Every US state has a state bird. And for a while, the state bird of Hawaii had found itself on the list of endangered species. However, thanks to around six decades of conservative efforts, Hawaii News Now was happy to report that the Hawaiian Nene Goose is off the list!
Of course, it’s not completely out of the woods yet. The U.S. Fish and Wildlife Services simply made the change from “endangered” to “threatened,” meaning that there is still a ways to go.
The nene had been on the endangered list since 1967 because there was one point in time when there were only 30 nenes left in the wild and an even smaller number of 13 living in captivity!
Environmentalists over the years have worked tirelessly to help boost the numbers. Their dedication has paid off – they’ve managed to restore the number of nenes back up to nearly 2,800 birds that are now calling the Hawaiian Islands home.
After 60 years of conservation efforts, the Hawaiian goose, or nēnē, is one step closer to recovery. The U.S. Fish & Wildlife Service is proposing to downlist the Hawaiian goose from endangered to threatened. (Photo: Hanalei Natl #WildlifeRefuge by Cynthia Martinez/@USFWS) pic.twitter.com/lkKXw0ZKZK
— USFWS Refuge System (@USFWSRefuges) May 19, 2018
“The great thing here is, we’re moving this bird from the emergency room, or intensive care unit. It’s still in the hospital, and we still need to be protective of it, and thoughtful of it, but we’re doing it in a way that as we downlist it to a threatened species, we ensure that there’s some flexibility built-in for the neighbors and folks that will have more experience with these birds as the population grows,” commented the Secretary of the U.S. Department of the Interior, David Bernhardt, according to Hawaii News Now.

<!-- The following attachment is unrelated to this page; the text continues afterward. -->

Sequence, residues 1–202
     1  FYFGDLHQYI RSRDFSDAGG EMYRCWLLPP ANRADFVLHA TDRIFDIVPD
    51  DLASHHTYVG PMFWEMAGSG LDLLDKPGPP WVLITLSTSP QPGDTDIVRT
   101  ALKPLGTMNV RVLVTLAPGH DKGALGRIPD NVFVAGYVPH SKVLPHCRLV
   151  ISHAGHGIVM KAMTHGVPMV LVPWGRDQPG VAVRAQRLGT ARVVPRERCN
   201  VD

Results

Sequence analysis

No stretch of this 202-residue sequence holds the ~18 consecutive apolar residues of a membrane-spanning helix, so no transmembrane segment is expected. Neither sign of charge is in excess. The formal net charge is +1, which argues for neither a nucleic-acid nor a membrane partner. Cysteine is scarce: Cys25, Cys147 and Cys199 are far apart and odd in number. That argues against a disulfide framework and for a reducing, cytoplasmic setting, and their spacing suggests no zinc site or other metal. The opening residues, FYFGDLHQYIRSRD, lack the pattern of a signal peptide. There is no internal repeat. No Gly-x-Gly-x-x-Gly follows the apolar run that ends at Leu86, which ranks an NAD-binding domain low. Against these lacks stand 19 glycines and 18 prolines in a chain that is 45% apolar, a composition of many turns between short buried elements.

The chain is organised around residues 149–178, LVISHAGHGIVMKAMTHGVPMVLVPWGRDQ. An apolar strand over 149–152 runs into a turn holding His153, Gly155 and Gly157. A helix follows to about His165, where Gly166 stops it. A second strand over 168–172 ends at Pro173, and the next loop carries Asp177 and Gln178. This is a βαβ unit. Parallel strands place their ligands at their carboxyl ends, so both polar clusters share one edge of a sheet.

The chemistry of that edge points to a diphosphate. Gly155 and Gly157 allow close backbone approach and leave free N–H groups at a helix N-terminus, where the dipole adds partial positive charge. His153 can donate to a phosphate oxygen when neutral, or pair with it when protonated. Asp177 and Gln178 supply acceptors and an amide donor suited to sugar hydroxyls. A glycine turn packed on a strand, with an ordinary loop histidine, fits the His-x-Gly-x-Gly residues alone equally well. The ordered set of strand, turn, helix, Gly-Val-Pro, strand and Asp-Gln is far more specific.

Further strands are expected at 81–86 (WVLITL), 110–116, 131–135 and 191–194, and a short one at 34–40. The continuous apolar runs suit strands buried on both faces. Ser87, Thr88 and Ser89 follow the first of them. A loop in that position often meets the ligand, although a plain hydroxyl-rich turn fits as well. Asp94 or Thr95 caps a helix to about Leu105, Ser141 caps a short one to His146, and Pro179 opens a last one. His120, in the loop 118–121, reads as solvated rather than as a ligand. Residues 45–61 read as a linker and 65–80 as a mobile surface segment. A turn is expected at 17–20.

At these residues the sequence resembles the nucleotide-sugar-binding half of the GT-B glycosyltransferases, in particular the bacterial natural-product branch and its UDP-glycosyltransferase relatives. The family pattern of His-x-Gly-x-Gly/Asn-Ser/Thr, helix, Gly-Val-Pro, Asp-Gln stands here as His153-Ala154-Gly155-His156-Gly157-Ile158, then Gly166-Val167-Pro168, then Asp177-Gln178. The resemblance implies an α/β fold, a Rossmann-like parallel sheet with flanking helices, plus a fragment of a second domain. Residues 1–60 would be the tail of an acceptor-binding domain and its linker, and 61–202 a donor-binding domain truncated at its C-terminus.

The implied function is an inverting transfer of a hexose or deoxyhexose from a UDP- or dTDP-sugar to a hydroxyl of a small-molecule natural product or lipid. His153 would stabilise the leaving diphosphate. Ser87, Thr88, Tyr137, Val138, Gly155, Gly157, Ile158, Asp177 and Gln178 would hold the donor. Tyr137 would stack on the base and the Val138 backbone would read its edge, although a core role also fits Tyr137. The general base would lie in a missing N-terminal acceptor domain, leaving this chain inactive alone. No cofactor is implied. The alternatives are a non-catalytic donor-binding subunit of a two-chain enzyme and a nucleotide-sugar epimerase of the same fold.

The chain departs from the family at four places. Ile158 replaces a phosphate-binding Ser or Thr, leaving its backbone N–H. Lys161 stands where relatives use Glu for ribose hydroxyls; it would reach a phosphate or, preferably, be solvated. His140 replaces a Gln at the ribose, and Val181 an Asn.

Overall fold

The judgment call to down-list the Nene was met with positivity from U.S. Sen. Brian Schatz, D-Hawaii, who released a statement saying, “The recovery of the nene shows how the Endangered Species Act is supposed to work. With a science-based recovery plan and a strong partnership between the state and federal governments, the species has gradually rebounded.”
Schatz followed up with the importance of taking additional precautions to continue to keep the birds protected so their numbers can continue to rise.
The lovely, adorable, endangered (unfortunately) Hawaiian nene goose! pic.twitter.com/0LapTkdHZI
— San Diego Orca (@orcawhisperer) November 15, 2016
Even though their federal status has changed, the nene will continue to see implemented safeguards to keep the species on the rise – since, after all, they are still on the “threatened” list.
The nene is a native bird of Hawaii. It wasn’t until 1957 that it was officially named as the state’s bird. The name “nene” was derived from the mellow call that they make.
Hawaiian “Nene” goose, state bird of Hawaii and considered world’s rarest goose pic.twitter.com/YjD7r0Jkvm
— jaime s. sincioco (@jaimessincioco) July 8, 2014
People had different reactions to the news about the nene:
Mary Stone Lamb wrote, “If it weren’t for crossword puzzles, I wouldn’t know what a nene was!”
We couldn’t resist sharing this #ArchiveAnimals from 1960s of @WWTWorldwide founder Sir Peter Scott & the first @WWTSlimbridge reared nene (Hawaiian goose). The nene population had fallen to 30 but thanks to #conservation efforts has recovered to 2,000 https://t.co/7t2p4RiIsU pic.twitter.com/uY0FjjChiT
— WWT Slimbridge (@WWTSlimbridge) November 23, 2018
Jenny Warren stated, “Nenes are lovely geese and are very gentle when being hand-fed. Much friendlier than their cousins, Canada geese, who will try and mug you! The WWT in Slimbridge has had a breeding program for Nene for years and quite a few other places in the UK have flocks of them. It’s good to know their numbers are at last increasing in Hawaii.”
And a third person, Karan Spencer, commented, “We still have to be careful and take care of the nene…”
After growing from a population of 30 in 1961 when the species was first listed to more than 3,000 today, the Hawaiian nene will be downlisted from endangered to threatened thanks to successful recovery efforts. https://t.co/USghMoq50t #nene #endangeredspeciesact
— NatureServe (@natureserve) December 11, 2019
Hopefully, this positive news will inspire a continued conservation effort for all endangered animals.
Anastasia is an American writer and journalist living in Dublin, Ireland. Her Twitter is @AnastasiaArell5.